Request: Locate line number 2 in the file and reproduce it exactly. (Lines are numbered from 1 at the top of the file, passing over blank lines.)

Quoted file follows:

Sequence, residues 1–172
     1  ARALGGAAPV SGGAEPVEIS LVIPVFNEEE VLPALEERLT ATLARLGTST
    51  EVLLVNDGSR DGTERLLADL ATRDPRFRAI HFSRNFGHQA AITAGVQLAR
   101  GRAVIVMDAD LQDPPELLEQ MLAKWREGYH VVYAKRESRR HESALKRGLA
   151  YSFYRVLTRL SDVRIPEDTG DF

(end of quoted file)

     1  ARALGGAAPV SGGAEPVEIS LVIPVFNEEE VLPALEERLT ATLARLGTST